Palo Alto will consider limits on natural gas this fall

Daily Post Staff Writer

Berkeley banned natural gas appliances in new buildings in July. Earlier this month, Menlo Park partially banned gas appliances in new homes. Palo Alto is going to take its shot at natural gas this fall.

City Manager Ed Shikada told City Council on Monday that he hopes to have an update of the city codes ready for council on Nov. 4. If council votes in favor of the update, it will take effect in 2020, according to city spokeswoman Meghan Horrigan-Taylor.

The city has been looking to reduce natural gas over the past few years to help fight climate change. In 2015, it launched a program to allow residents and businesses to purchase carbon offsets for their natural gas use. Palo Alto made reducing natural gas use in buildings a goal of its 2016 Sustainability and Climate Action Plan.

Natural gas is a fossil fuel made up of different chemicals including methane. Burning natural gas creates more carbon dioxide than using renewable energies like solar and wind power. A 2018 report from the city says that natural gas use has been the second largest cause of greenhouse gas emissions in Palo Alto, after road travel, since 2013. But road travel, including from commuters, is responsible for more than twice as many emissions in the city.

Several cities have been looking into restrictions on natural gas. Berkeley made headlines with its complete ban in new construction.

Menlo Park’s ban, which was passed last week, only impacts new offices and apartments. Existing structures will not be targeted. New family homes can still have gas stoves as long as a hook-up for an electric stove is included in the house.

Most of Menlo Park’s businesses and homes get their energy from Peninsula Clean Energy, a publicly owned cooperative that buys renewable sources of energy such as solar and wind and uses PG&E’s lines to bring it to consumers. Peninsula Clean Energy says it gets at least 53% of its energy from renewable sources.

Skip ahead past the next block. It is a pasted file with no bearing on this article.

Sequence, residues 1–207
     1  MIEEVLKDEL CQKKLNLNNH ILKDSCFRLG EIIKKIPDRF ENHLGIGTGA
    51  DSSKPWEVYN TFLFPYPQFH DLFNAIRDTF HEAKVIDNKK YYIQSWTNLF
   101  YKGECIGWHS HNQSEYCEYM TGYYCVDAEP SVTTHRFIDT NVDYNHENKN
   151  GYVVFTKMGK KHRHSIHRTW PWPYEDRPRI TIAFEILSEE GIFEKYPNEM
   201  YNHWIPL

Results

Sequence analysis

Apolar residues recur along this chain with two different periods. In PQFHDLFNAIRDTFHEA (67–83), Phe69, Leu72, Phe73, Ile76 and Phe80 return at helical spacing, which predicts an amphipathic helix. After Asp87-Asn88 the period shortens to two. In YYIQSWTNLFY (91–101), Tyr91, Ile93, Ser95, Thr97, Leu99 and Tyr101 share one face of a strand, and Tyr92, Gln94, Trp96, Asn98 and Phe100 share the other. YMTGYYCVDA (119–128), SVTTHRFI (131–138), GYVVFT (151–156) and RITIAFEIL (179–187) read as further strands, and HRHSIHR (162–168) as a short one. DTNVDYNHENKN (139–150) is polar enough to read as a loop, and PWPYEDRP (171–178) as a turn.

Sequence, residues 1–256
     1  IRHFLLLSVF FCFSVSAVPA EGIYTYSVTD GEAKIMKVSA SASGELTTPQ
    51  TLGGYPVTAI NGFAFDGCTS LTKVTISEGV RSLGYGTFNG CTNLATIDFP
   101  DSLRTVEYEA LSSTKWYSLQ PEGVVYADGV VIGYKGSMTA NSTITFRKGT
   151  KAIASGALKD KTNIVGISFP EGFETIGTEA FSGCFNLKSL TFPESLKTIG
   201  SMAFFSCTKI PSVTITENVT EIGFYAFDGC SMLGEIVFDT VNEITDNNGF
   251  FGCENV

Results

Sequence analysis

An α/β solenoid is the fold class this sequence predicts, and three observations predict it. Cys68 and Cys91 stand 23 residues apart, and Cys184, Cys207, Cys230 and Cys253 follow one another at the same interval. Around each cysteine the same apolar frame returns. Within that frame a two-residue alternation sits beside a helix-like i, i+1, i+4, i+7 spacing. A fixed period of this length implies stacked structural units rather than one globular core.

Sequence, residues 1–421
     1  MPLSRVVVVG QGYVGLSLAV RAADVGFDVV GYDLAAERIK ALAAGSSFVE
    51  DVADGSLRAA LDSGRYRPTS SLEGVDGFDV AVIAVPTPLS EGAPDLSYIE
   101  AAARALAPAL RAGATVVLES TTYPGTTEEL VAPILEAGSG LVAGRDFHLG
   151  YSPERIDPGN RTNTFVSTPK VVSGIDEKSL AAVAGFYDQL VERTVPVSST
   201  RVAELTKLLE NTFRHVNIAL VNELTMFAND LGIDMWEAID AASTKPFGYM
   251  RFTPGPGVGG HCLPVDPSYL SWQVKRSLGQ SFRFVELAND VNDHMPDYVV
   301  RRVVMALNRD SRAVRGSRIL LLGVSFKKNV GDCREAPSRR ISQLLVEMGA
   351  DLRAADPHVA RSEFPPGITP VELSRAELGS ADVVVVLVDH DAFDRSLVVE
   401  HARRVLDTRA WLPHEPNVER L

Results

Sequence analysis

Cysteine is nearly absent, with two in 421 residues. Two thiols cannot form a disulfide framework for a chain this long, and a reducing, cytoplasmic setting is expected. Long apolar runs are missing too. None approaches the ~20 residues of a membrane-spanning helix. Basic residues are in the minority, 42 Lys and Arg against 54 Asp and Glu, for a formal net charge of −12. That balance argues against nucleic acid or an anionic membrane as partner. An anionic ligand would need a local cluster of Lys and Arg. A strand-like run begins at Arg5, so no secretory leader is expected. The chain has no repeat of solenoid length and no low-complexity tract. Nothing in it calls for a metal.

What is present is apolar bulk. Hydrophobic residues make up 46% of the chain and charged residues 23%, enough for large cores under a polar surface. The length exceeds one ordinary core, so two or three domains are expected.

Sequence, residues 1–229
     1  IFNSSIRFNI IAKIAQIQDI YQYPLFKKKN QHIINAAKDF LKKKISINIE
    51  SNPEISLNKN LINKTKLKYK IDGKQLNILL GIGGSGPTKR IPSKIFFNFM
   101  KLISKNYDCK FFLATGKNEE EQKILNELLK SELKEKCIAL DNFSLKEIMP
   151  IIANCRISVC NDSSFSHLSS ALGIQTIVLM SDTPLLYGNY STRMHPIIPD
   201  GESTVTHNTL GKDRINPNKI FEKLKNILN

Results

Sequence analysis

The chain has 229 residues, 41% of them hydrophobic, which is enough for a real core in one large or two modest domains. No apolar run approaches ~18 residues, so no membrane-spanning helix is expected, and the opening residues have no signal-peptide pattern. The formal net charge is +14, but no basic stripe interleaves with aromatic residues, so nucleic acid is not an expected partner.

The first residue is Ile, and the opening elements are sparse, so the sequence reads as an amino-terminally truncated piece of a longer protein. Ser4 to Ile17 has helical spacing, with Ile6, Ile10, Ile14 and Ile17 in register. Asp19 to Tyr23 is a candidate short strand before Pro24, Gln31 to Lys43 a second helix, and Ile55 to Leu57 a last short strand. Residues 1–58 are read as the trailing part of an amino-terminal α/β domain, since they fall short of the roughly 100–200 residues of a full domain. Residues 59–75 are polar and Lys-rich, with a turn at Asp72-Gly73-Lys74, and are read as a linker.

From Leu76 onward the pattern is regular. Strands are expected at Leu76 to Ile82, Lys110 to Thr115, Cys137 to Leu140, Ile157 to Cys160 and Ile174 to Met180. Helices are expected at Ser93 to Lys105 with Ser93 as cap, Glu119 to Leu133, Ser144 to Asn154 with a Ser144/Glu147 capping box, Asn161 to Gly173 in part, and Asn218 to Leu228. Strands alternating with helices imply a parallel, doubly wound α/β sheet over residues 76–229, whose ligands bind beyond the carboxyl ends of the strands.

But Menlo Park resident Steve Van Pelt, who spoke out against the ban, said there have been a number of power outages in the past year, but gas is rarely if ever disrupted. If people have only electric appliances, they will not be able to cook, heat their homes or heat water if there is a power outage, Van Pelt said.

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  1. @sara – it would be fantastic if you could include some data on costs to your article.

    How much more does it cost per month to heat an average home and dry your clothes with electricity as compared to gas?

    How much does it cost to install upgraded electrical service with the capacity for heating, drying and cooking in a home?

    To me, these natural gas bans are really in the end a big new tax on consumers. If it was truly cheaper and better to heat and cook with electricity everyone would all do it! We wouldn’t need city councils forcing us to.

    The other issue your article is silent on – isn’t the bulk (or a large percent) of electricity production in California coming from burning natural gas? So the power plant burns gas to make electricity which I then use to heat my home, which is hugely less efficient than just heating my home with gas directly – so we burn more gas, not less by shifting to all electric houses?